Family Health Spending to Rise Rapidly

Costs Are Becoming Unsustainable for Families with Employee-Sponsored Care

Growing health care costs are becoming unsustainable for the more than 160 million Americans with employer-sponsored care, writes Sonia Sekhar.

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Escalating health care costs threaten to erode the income of the more than 160 million people who depend on employer-sponsored coverage. Without real changes to our health care system, annual health care spending for families of four with employer-sponsored coverage will grow from nearly $17,000 today to over $39,000 by 2019—or from 19 percent of family income to 31 percent.

Growth in health care spending eats up family income, 2001-2009 Growth in health care spending eats up family income, 2001-2009

Most American families depend on employer-sponsored insurance for their health coverage. Yet premiums and out-of-pocket expenses for families with employer-sponsored plans are rising at an unprecedented pace. Without health reform, health care costs will continue to eat away at family budgets, compromising families’ ability to pay their bills, buy a home, or save toward long-term goals such as their retirement or their children’s education. Health reform promises to slow cost growth by promoting cost-saving innovations, improving payment systems, reducing waste and inefficiencies, and modernizing the health care infrastructure. The uninsured are not the only ones who stand to gain from health reform—the millions of Americans who receive coverage from their employers will also see improvements in their coverage.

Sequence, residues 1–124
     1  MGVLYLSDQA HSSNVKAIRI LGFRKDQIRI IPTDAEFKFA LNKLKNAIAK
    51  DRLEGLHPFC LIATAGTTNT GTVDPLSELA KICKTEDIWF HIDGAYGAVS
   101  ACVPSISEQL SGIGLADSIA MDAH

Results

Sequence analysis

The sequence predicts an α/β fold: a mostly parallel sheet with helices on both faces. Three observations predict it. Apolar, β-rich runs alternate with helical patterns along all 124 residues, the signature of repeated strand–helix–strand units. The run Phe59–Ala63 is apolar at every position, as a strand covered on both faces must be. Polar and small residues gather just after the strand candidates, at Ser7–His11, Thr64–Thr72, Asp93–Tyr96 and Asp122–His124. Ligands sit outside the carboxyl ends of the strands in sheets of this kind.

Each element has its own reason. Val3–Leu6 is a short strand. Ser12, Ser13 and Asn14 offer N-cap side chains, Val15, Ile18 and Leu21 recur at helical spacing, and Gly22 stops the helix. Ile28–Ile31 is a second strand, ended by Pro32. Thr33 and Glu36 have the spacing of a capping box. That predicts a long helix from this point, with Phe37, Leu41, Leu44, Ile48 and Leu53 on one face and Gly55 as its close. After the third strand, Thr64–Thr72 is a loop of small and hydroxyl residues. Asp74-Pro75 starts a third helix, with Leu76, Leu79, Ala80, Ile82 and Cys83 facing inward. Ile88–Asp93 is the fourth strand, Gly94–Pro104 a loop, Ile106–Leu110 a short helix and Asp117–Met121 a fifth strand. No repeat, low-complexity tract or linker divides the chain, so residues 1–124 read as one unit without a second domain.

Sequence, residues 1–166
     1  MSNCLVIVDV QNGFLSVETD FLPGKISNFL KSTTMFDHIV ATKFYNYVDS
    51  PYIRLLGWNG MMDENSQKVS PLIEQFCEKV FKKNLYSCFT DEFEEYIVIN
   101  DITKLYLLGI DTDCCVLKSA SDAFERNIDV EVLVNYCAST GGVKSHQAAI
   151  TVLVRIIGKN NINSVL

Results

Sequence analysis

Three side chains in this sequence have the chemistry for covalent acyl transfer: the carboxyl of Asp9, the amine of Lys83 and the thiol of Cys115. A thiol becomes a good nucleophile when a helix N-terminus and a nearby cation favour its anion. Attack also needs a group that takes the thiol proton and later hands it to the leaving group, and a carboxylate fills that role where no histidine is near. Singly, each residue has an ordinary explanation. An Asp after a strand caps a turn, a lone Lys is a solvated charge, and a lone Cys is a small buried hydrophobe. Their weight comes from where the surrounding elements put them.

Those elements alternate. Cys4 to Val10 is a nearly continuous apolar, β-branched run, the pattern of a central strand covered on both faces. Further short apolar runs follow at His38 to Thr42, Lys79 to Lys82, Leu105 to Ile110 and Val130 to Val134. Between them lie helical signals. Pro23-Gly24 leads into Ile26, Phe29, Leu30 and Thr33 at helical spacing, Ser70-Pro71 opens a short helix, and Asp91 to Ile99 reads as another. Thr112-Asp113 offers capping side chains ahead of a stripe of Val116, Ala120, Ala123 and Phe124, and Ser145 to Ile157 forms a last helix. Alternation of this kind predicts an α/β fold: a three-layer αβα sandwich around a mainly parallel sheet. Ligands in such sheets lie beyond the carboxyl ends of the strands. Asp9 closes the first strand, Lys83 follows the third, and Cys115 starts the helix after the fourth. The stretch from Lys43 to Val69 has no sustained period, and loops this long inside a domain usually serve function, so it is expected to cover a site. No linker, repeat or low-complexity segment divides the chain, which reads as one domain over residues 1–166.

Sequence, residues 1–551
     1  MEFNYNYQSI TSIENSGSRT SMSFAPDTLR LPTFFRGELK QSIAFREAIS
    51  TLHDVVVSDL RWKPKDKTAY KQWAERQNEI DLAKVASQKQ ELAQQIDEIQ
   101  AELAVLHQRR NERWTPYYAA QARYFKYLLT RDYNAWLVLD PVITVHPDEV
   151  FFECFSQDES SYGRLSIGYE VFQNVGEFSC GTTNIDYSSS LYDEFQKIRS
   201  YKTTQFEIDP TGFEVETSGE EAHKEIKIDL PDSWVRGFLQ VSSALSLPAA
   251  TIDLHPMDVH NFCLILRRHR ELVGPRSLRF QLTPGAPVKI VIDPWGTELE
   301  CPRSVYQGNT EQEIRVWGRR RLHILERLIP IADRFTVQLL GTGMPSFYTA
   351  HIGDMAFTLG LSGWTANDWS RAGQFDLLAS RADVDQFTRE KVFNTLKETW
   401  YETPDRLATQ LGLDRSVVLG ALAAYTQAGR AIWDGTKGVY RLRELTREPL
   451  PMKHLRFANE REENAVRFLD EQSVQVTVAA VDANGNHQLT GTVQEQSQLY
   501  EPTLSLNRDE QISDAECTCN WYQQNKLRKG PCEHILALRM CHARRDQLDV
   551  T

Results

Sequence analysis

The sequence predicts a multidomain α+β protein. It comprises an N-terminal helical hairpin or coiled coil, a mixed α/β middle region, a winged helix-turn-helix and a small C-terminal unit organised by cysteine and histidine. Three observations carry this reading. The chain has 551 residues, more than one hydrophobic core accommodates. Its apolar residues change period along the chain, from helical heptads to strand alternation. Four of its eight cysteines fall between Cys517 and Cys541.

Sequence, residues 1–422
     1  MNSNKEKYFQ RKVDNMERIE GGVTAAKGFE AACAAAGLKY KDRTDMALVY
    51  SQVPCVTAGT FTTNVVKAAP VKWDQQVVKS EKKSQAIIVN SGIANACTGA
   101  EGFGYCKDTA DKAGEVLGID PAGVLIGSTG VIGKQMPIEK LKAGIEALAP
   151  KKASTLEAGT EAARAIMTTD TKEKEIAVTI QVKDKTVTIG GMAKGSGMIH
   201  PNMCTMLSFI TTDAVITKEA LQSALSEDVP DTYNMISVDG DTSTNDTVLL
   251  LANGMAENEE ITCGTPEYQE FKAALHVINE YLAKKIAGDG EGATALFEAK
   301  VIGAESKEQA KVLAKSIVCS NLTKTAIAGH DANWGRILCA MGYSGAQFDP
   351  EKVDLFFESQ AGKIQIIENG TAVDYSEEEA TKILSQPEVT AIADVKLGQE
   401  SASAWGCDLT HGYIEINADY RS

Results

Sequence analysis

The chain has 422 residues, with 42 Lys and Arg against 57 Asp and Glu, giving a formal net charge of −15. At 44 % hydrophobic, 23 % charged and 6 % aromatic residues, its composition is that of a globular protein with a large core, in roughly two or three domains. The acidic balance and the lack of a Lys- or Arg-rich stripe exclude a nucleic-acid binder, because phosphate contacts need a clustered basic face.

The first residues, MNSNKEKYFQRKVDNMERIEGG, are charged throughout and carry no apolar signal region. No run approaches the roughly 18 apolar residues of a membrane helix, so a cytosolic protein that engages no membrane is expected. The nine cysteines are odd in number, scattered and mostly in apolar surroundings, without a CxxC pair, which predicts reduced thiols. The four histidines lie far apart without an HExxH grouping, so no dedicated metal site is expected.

The Milliman Medical Index measures annual employer and employee spending on health insurance premiums, as well as employee out-of-pocket cost sharing. We calculated the MMI’s historical average annual rate of growth to trend forward the annual health care spending for a typical family of four with employer-sponsored coverage. For family income, we relied on Current Population Survey historical median income tables of families by size, and because employer-provided health insurance is part of compensation, and added MMI estimates of the employer contribution to premiums. We developed income projections based on the CBO’s average annual wage increase projections, and calculated its historical average annual rate of growth to trend forward the employer share of premiums.

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